Since I could get through the larger parts pretty quickly, and since the boss was on my tail about it, I started looking into what could be done to clean up the yards. There had to be some way of getting rid of all the roadwheels and other junk sitting around taking up space and generally looking bad. There was an additional problem. A lot of the parts were turned in for scrap. But we couldn’t get rid of them since we couldn’t tell what was scrap and what wasn’t. If we turned in a piece of equipment as scrap that shouldn’t have been, there was no way we could ever close the open work order on that piece. The longer the orders stayed open, the worse we looked. The key would be identifiying what was what, right down to the national stock number. I’ll give you an idea of what a typical problem was. There were two types of roadwheels made for the M-113, steel and aluminum. One was discarded for scrap and one was turned in for refurbishment. Seems simple. But the instructions listed which to turn in by stock number, without mentioning what it was made of. No one knew which was which.

One thing I had learned by this time was that there was always a regulation, manual or person that covered a situation. The trick was finding that repository of information. Inspiration came in a flash. I was visiting the on-post office of the Defense Reutilization and Marketing Office (DRMO), the agency that handles all the suprlus sales for the DoD. I was looking for to see what interesting stuff they might have for the next auction, such as furniture or office equipment. Then I noticed they had a large section of scrap metal. I struck up a conversation with the civilian who worked there and explained my problem. I hit paydirt. The guy knew just about everything there was to know about what could be scrapped and what couldn’t. He also had the manuals to back his judgment up. Over the course of a couple of weeks, he came down to the yard and helped me sort through tons of scrap and even better, helped identify all sorts of arcane parts that none of us recognized. He even helped us find a streamlined way to generate the missing orders for scrap turn in. Once all the scrap was properly (and legally) disposed of, it was a fairly simple task to match work orders with the remaining surplus parts in the yard and clear all the overdue orders. Some of the orders had been open for years. By the time he and I finished, there wasn’t an order over 48 hours old.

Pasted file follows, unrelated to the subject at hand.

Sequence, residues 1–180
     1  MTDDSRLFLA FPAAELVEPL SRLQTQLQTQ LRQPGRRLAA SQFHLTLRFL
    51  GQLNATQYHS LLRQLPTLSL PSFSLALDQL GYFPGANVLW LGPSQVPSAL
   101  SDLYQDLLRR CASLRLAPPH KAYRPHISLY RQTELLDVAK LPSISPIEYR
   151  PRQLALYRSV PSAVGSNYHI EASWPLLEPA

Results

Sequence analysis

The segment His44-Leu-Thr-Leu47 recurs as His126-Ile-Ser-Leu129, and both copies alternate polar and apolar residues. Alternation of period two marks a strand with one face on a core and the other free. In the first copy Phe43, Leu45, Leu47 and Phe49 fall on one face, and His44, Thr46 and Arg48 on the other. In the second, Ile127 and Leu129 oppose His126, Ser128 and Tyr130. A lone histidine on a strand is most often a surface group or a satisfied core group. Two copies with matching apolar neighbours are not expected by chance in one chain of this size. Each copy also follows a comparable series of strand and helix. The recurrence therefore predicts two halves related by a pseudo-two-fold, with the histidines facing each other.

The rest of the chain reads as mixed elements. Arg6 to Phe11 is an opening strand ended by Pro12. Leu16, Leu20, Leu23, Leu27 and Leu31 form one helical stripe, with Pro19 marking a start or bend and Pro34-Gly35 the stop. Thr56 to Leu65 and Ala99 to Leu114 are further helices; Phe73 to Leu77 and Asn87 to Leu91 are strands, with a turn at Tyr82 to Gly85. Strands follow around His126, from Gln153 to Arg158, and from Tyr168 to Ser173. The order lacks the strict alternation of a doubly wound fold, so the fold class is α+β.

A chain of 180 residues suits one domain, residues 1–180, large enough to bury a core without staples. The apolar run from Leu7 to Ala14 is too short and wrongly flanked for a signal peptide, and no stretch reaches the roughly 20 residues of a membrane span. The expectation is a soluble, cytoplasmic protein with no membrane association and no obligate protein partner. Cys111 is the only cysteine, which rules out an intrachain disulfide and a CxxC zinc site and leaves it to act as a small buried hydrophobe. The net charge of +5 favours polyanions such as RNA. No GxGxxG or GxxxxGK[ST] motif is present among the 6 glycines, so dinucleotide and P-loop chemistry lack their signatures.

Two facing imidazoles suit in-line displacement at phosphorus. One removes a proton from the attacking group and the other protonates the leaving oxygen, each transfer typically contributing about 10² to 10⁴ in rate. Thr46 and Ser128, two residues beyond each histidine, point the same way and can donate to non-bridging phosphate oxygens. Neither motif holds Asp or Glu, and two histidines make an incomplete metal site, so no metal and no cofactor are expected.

It was an interesting and challenging job. But it wasn’t the infantry. And while I liked the work, I was deeply unhappy with the company itself. The commander was detached and she didn’t impress me in the least as a leader. The First Sergeant substituted bombast and abuse for standards and leadership. I wasn’t entirely clear on what it was they did all day, because we never saw them doing anything for the soldiers. As my six-month mark approached, I asked the CSM if he would let me go, and if possible, send me to the 1st Battalion, 12th Infantry. I didn’t know much about the infantry battalions on post, but the 1-12IN had a decent reputation, far better than the other two. The First Sergeant was being difficult. He couldn’t stand me, but didn’t want to let me go. Still, the CSM was a man of his word. He told me he would make it happen. I called down to the battalion and they told me I would be further assigned to Alpha Company. I stopped by and introduced myself to the 1SG at Alpha company. What a great first impression he gave. No nonsense, spelled out what he expected, introduced me to my platoon sergeant and told me he looked forward to me “joining the real Army again” just as soon as the orders had been cut. The orders were cut on a Thursday afternoon. My 1SG at B/104, always looking for a way to be a pain, insisted that I be completely vacated out of the barracks that day. If some friends with a pickup truck hadn’t been handy to help me move, my stuff would have been out on the street.

I’m glad that I had a chance to see how the rest of the Army works. It ain’t all guns and ammo. Some of the folks I worked with were as dedicated as any I’ve ever met. And karma is a bitch. The First Sergeant who failed on so many levels? A few months later he was courtmartialed for sexual harrasment and drummed out of the Army in disgrace. Safely tucked away in my new home with my fellow infantrymen, I laughed my ass off.

The Humble Shipping Container and Ending Third World Poverty

We’ve blogged from time to time on the wonderful revolution in logistics the simple metal box known as a shipping container. And Think Defence is the go-to resource for defense container blogging. gCaptain, of course, features container shipping news prominently.